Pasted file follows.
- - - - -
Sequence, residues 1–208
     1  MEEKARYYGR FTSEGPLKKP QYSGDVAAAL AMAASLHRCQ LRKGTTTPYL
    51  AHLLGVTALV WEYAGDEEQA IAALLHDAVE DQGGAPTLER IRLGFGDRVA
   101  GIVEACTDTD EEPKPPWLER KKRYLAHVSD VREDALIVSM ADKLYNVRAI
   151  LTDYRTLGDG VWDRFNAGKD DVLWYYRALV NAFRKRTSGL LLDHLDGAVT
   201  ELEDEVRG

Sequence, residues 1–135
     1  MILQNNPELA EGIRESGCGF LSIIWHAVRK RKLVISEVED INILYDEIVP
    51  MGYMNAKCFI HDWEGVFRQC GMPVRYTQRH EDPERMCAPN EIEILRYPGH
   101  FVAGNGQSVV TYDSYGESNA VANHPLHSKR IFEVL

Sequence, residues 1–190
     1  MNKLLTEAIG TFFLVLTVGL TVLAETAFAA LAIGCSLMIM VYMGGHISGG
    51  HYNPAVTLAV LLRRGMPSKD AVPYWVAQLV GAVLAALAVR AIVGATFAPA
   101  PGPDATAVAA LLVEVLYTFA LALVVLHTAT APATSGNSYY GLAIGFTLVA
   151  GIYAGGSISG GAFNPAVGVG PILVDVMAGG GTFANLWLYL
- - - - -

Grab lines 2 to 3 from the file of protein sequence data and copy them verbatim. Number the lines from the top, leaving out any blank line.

     1  MEEKARYYGR FTSEGPLKKP QYSGDVAAAL AMAASLHRCQ LRKGTTTPYL
    51  AHLLGVTALV WEYAGDEEQA IAALLHDAVE DQGGAPTLER IRLGFGDRVA